Faaip De Oaid, a noise track with lots of electronic buzzing and a paranoid rant in there too, ends the disc unsettlingly.

In Sum:

Tool continues their incredible run, here. Is this their best album? Maybe! There’s so much brilliance in these tracks. Great heavy metal, complex tunes that expand your mind and send you off in a million directions.

Lateralus absolutely rules.


Posted on December 16, 2016, in posts by aaron and tagged . Bookmark the permalink. 21 Comments.

  1. Not a band I’ve ever really got and I have tried. Lots of friends of mine just worship them.


  2. I think I’m still trying to digest this record. I saw them live on this tour and it was pretty amazing, albeit one of the stranger shows I’ve seen. There was a small intermission in the middle of their set where two or three acrobats came out and were climbing ropes on the stage. From where I was they looked naked(could’ve been the heavy consumption of alcohol, too.)

    Either way, it was a one-of-a-kind show. I caught onto ‘10,000 Days’ a lot quicker.


    • I totally undertsand taking forever to fully take in a Tool record – they’re all kinda like that, eh? But therein lies some of the beauty of their work, too – it’s the gift that keep on giving.

      Their live show is incredible (I saw 10,000 Days live). You’re lucky, though, we never had any extra attractions at our gig, naked or otherwise…

      Liked by 1 person

  3. Sometimes those are the best albums, the ones that you take in over time. I loved ‘Undertow’ and ‘Aenima’ right away, however. Maybe as they were so unique coming out of the early and mid-90s. By the time ‘Lateralus’ hit I wasn’t listening to quite as much heavy music. Still, I love Tool. So creative musically and visually.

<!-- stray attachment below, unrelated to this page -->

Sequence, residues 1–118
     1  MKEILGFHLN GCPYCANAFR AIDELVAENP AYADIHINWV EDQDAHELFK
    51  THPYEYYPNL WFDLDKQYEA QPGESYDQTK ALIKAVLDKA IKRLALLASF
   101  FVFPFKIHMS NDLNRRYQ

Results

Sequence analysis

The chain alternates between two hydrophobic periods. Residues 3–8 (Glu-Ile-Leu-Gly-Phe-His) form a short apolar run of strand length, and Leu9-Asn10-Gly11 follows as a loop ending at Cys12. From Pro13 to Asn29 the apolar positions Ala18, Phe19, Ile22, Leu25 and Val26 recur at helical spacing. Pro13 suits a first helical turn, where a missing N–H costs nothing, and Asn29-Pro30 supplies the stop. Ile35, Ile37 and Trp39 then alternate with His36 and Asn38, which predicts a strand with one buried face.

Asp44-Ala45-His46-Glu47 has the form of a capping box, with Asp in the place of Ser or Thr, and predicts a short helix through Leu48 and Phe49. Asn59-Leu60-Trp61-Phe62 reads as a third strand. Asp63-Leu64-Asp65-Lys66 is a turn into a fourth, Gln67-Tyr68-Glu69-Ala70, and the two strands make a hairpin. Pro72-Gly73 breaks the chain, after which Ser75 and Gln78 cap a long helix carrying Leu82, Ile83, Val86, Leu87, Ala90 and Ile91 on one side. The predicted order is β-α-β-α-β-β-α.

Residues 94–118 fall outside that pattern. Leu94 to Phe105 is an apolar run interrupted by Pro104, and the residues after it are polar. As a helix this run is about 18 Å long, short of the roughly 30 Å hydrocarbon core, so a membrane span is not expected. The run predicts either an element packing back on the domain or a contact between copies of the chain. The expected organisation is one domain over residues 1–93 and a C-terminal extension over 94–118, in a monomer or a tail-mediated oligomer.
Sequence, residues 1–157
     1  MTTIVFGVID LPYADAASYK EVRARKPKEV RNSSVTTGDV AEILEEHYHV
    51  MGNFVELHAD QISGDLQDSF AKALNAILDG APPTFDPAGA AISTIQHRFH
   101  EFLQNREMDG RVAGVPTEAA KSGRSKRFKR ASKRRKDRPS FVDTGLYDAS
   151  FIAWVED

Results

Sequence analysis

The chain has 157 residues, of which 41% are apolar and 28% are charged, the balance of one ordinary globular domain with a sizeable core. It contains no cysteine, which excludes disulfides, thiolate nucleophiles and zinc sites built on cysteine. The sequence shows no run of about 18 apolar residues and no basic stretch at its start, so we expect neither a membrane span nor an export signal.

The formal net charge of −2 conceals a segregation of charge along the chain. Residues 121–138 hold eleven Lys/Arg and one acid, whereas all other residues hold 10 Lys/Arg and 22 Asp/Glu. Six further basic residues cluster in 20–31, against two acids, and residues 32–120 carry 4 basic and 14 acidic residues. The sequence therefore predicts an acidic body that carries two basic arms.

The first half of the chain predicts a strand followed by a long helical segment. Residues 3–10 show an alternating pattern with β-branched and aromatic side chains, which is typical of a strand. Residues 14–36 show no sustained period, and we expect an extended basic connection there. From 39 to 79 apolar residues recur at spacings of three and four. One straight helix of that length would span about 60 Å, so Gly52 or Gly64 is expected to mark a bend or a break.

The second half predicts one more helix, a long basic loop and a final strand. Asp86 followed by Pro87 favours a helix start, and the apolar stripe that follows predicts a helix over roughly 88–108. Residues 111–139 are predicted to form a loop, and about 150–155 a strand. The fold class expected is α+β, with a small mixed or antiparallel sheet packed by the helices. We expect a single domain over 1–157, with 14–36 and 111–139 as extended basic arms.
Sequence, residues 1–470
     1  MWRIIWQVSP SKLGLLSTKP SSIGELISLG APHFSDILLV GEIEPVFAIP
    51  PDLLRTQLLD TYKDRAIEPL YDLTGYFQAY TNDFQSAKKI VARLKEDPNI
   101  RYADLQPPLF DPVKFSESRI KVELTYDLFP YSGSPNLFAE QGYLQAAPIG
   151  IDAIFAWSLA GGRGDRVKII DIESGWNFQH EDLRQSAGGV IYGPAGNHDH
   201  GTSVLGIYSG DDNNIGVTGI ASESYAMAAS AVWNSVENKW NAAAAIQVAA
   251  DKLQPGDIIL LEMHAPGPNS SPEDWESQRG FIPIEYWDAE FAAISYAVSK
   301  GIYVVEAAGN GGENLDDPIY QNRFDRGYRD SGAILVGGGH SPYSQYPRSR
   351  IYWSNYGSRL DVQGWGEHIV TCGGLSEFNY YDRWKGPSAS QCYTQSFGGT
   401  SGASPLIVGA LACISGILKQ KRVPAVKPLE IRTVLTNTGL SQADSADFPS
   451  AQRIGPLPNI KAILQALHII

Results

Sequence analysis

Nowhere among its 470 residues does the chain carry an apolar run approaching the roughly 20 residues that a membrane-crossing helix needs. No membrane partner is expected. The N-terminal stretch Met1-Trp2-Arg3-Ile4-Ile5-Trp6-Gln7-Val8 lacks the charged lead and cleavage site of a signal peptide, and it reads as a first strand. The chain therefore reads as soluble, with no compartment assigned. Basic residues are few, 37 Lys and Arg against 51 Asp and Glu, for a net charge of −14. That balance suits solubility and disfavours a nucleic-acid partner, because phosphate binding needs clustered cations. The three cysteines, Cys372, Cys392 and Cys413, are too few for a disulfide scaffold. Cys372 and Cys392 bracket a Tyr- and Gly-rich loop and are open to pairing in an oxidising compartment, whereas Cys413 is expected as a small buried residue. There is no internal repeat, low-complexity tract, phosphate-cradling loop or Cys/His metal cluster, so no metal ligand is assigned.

4. I’ve been meaning to try these guys for ages. I’d be seduced by the progressive elements, so I’m wondering, is this a good place to start?

    May not know the music, but must put in a word for artist Alex Grey.


    • Hard to recommend one over the other, though the earlier efforts were definitely the angrier entries. As they went on, they got more experiemental and cerebral, more about the third eye and mind expansion than wanting to kill stupid people, for example. This one and 10,000 Days for sure. But it all sounds like Tool – they have a sound unique to them, and the way those players work together is, frankly, mindblowing. And even those earlier albums like Undertow and Ænima had those same bits to them, as well…

      The other way to think on it is that there have only been 4 studio records in 23 years, so it really isn’t that hard to just go get them all, and find out which one speaks to you! Myself, I recommend them all. But I’m exceedingly biased.

      Liked by 1 person

    • I’d say this is an accessible one, Bruce. Definitely worth investigating.

      Liked by 1 person

  5. This was my first Tool. I love this album, and I prefer the packaging to Aenema. Parabol and Parabola being my favourites.


  6. My favourite Tool album by a country mile. I guess I just have so much wrapped up in it. A good friend and I used to listen to this quite a bit.

    In fact, one night after studio (we rehearsed 9-12 back then) we sat in his car talking about how enthusiastic we were about some new songs. This was about 12:15 or so.

    We had this album on and it played three times over the course of our chat. We’d tune into our favourite tracks, y’see.

    Anyhoo, the road sweepers came out and the sun started coming up before we were done. I got upstairs and changed in time to leave for work. Listened to the album as I walked off the sleepy eyes and tired mind.

    Anyhoo. I guess what I’m saying is “yes to all of this”.